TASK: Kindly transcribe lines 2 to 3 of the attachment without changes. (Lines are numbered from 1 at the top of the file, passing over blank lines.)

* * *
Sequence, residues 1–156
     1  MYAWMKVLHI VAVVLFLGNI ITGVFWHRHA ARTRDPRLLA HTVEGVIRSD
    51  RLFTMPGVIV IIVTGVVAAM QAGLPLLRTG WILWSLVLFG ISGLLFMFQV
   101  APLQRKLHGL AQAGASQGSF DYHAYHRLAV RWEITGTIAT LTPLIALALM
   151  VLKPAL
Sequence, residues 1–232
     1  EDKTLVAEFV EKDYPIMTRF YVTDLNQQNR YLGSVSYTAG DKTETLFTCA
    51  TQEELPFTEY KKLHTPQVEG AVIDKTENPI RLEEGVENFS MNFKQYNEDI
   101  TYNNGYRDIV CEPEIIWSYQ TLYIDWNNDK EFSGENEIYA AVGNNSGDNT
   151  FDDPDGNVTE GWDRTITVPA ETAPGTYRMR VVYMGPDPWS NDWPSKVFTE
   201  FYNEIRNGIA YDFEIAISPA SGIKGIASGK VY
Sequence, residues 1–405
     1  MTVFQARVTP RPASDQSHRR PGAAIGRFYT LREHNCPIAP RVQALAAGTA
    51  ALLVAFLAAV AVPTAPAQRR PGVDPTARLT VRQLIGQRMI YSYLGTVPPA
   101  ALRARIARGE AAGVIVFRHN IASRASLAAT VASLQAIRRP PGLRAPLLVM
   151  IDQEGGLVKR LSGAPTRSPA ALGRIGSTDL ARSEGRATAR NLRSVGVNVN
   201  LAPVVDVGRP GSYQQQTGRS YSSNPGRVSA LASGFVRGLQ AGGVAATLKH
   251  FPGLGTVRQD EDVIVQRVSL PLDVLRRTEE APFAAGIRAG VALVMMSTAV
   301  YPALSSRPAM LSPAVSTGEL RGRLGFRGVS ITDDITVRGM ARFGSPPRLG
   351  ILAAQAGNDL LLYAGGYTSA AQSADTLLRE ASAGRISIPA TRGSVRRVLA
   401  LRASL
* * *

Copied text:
     1  MYAWMKVLHI VAVVLFLGNI ITGVFWHRHA ARTRDPRLLA HTVEGVIRSD
    51  RLFTMPGVIV IIVTGVVAAM QAGLPLLRTG WILWSLVLFG ISGLLFMFQV